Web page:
Earlier this week on June 12, 2018, the American Immigration Lawyers Association (AILA) filed a lawsuit under the Freedom of Information Act (FOIA) challenging USCIS' failure to respond to two FOIA requests asking for records that would explain increased scrutiny and denials of H-1B petitions. Under the Freedom of Information Act, any individual or entity can request from a government entity records that are not available publicly.
The FOIA requests ask for USCIS to uncover their standard operating procedures, memoranda, correspondence, guidance, checklists, and training materials regarding the agency's recent H-1B processing trends.
The two requests ask for records involving two areas of concern:
(1) USCIS' consideration of evidence demonstrating an occupations "prevailing wage" and
(2) USCIS' determination of whether a position is a "specialty occupation."
The requests ask for records that specifically describe, explain, or interpret:
- The term “specialty occupation” under federal regulation 8 U.S.C. § 1184(i), including, but not limited to, records that describe, explain, or interpret the regulatory language “body of highly specialized knowledge,” and/or “specific specialty (or its equivalent)” under [8 U.S.C. § 1184(i)(1)].
- How adjudicators use information contained in Department of Labor resources, including, but not limited to, the Bureau of Labor Statistics’ Occupational Outlook Handbook [OHH], in determining whether a position is a “specialty occupation.”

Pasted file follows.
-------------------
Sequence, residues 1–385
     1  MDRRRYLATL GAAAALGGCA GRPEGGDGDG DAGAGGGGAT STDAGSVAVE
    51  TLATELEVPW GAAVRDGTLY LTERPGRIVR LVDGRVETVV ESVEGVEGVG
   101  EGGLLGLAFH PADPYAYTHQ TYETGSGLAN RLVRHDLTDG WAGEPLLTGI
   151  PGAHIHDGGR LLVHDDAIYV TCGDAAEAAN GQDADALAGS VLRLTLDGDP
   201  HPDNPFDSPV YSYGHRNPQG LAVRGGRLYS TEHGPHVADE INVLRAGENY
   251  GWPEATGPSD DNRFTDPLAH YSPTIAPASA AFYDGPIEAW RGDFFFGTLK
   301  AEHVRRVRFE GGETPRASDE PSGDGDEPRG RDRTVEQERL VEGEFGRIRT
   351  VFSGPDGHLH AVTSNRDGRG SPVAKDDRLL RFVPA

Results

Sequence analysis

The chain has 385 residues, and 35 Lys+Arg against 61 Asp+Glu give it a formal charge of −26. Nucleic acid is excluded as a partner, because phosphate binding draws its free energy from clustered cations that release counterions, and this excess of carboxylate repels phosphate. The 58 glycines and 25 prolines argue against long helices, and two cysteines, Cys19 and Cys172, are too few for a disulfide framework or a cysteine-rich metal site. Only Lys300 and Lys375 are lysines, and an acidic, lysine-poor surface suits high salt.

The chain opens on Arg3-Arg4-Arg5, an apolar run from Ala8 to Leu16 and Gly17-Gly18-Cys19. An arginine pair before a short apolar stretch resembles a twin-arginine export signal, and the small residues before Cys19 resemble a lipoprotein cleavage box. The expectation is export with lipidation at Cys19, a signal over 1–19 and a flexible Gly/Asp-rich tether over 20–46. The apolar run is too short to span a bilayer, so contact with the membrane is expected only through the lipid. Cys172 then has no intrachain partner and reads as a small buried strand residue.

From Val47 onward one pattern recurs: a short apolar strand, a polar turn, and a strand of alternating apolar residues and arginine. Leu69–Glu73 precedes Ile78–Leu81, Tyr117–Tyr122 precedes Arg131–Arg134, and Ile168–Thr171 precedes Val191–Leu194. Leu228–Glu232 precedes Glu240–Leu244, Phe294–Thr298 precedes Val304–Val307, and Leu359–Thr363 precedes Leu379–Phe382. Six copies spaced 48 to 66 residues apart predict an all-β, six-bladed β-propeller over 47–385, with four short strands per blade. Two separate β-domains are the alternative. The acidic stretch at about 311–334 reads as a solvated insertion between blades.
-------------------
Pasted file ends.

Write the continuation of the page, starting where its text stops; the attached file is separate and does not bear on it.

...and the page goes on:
- How the wage level (i.e., Level 1, Level 2, Level 3, or Level 4), as identified in the Foreign Labor Certification Data Center Online Wage Library (www.flcdatacenter.com) and annotated (in Roman numerals I, II, III, or IV) on the Labor Condition Application, may impact the adjudication of petitions for H-1B classification.
- How the use of a private wage survey, including an "N/A" annotation on the Labor Condition Application in lieu of an assigned wage level, may impact the adjudication of petitions for H-1B classification.
- How the wage/salary offered to the beneficiary by the employer may impact the adjudication of petitions for H-1B classification, including, but not limited to, the relevance of any and all Department of Labor guidance on prevailing wage determinations.
- The rescission of the INS Memorandum, "Guidance Memo on H-1B Computer Related Positions," NSC 70/44.4 (Dec. 12, 2000), and the implementation of the USCIS Policy Memorandum, "Rescission of the December 22, 2000 'Guidance memo on H-1B computer related positions,'" PM-602- 0142 (Mar. 31, 2017).
The concern prompting AILA's requests is due to the recent and unprecedented increase in scrutiny and denials of H-1B petitions within the current administration.
The concern is that USCIS has adopted new adjudication standards without informing the general public of the new standards. The two FOIA requests seek to discover records relating to USCIS' exact methods and considerations in processing evidence submitted within H-1B petitions.
Why the Lawsuit?
Within 30 days of receipt of the 2017 FOIA Request (excluding Saturdays, Sundays, and legal public holidays) and 20 days of receipt of the 2018 FOIA Request, USCIS was required to determine whether to comply with the requests and to notify AILA of its determination and the reasons therefor and of its right to appeal any adverse determination.
Since USCIS has failed to respond to the FOIA requests, AILA filed suit to compel the agency to produce the records to inform the public of their H-1B adjudication practices.
The full compliant can be viewed here.